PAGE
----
Reshuffle leaves MPs on backbenches
Wigan borough pair Lisa Nandy and Yvonne Fovargue have been overlooked in the first wave of Jeremy Corbyn's cabinet reshuffle.
The Labour leader, who has been re-elected with a larger mandate, has been locked in talks with senior party officials during the last few days.
Ms Nandy and Ms Fovargue resigned from front-bench roles citing concerns about his leadership earlier this year.
Some colleagues who also stepped down have been re-instated to the front bench but there have been no such announcements regarding the borough pair.
Andy Burnham, the borough’s third Labour MP, has stepped down as shadow home secretary and his role has been filled by long-term Corbyn ally Diane Abbott.
With John McDonnell expected to stay in place as shadow chancellor and Emily Thornberry likely to retain the foreign affairs brief, the three most senior positions in the body are all held by staunch-Corbyn supporters - and London MPs.
The reshuffle has also left Mr Corbyn open to criticism he has been promoting little-known allies over more experienced MPs.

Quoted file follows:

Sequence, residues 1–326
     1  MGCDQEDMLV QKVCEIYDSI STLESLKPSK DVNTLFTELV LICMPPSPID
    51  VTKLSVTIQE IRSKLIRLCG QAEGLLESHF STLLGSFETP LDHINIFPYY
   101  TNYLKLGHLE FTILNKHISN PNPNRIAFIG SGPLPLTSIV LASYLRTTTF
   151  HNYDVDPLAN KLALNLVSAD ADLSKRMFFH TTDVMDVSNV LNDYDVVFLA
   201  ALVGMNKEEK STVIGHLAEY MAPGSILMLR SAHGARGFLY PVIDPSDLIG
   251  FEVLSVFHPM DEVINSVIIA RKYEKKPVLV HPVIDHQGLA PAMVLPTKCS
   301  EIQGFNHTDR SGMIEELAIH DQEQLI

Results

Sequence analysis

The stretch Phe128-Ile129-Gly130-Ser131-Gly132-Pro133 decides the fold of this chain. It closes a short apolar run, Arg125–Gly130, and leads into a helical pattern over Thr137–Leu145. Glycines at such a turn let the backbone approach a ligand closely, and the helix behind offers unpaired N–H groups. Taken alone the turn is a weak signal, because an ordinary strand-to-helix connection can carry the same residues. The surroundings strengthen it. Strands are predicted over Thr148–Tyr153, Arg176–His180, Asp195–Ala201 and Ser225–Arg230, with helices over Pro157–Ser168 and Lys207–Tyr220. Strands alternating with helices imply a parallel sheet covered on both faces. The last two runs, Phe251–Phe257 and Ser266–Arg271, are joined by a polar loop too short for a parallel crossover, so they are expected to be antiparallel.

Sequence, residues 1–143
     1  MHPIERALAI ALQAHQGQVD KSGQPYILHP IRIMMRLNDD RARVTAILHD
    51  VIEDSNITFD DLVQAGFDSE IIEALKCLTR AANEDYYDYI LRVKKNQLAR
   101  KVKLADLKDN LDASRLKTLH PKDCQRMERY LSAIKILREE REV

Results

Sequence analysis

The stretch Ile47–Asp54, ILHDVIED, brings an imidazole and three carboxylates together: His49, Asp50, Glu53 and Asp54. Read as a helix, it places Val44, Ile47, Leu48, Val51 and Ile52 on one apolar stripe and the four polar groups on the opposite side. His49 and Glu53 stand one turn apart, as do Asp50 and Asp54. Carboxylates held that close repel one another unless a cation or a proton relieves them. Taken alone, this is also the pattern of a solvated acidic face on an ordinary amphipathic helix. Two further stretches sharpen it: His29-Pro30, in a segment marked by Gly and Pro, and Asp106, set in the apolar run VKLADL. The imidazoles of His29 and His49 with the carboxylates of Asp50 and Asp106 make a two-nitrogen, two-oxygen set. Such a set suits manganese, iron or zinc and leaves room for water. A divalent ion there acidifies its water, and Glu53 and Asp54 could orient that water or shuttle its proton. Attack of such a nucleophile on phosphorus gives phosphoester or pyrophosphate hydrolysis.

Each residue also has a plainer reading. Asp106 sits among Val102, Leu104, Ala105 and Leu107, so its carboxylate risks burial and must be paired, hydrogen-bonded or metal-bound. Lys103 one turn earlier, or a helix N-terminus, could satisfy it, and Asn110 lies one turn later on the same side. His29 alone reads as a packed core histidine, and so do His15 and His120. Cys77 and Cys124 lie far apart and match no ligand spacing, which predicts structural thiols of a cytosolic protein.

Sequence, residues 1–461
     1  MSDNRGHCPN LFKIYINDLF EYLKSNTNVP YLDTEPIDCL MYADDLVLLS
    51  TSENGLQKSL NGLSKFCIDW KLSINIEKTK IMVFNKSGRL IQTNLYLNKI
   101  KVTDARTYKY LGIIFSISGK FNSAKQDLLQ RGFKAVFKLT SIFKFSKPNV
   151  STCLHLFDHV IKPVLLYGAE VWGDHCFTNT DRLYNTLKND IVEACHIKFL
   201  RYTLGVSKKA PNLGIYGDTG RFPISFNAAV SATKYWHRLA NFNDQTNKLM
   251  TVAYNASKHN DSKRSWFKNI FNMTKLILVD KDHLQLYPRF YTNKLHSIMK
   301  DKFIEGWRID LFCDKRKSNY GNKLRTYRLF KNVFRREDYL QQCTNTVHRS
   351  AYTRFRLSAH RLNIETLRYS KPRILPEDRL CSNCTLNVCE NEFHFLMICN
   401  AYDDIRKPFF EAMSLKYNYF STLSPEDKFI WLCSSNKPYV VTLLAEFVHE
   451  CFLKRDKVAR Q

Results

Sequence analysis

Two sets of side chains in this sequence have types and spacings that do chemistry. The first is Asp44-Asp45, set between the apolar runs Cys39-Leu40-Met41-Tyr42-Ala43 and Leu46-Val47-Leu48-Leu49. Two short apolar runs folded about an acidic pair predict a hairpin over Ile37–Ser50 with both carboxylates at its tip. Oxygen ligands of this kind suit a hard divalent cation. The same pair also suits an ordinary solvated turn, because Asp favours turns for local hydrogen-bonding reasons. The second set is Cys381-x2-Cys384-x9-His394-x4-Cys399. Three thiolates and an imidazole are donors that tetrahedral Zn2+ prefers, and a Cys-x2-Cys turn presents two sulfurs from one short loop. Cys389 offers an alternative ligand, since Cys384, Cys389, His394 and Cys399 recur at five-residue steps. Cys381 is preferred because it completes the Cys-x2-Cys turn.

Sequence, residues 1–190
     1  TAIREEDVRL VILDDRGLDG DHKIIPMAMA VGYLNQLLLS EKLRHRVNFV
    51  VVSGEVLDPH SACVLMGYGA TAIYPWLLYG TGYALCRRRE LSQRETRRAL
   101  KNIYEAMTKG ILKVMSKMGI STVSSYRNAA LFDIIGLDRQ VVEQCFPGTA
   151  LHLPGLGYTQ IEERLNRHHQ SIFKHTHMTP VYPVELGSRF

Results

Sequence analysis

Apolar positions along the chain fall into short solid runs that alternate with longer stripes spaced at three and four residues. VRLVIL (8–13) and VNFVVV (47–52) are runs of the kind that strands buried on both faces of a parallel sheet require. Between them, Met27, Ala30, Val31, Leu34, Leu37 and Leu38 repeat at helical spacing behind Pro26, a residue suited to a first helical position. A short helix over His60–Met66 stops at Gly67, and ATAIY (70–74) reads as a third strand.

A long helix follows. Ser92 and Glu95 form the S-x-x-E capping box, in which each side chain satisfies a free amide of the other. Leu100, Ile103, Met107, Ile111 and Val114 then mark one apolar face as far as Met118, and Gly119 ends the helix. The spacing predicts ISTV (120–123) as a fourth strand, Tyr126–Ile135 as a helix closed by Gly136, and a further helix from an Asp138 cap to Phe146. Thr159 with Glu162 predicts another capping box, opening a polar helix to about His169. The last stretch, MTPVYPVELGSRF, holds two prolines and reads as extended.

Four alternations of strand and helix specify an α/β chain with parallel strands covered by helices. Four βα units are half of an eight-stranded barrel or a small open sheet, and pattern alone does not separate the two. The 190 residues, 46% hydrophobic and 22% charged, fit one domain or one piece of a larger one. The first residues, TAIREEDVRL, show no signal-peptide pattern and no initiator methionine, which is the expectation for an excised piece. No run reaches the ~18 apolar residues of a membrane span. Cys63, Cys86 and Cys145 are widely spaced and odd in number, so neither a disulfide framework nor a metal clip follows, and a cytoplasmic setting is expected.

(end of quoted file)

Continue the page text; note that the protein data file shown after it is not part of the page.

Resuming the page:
Former whip Tom Blenkinsop accused Mr Corbyn of rowing back on his promise to unite the party. He said: “Clear Corbyn wants submission not unity. Ignoring wishes of the PLP and just sacking and appointing regardless.”
And in a surprise move the Labour leader brought in Nick Brown, a long-standing ally of former leader Gordon Brown to replace Rosie Winterton as chief whip, who had been attempting to broker an agreement over shadow cabinet elections.
The move has reportedly angered many of Mr Corbyn’s critics, who saw Ms Winterton’s role as a key bridge of communication between moderate backbenchers and the leader’s team.
Sir Keir Starmer, the former head of the Crown Prosecution Service, who was among those who stormed out of the shadow cabinet earlier this year, will return to the front benches as shadow Brexit secretary.
Ms Nandy was formerly shadow energy secretary and Ms Fovargue was a front bench minister for consumer affairs and science.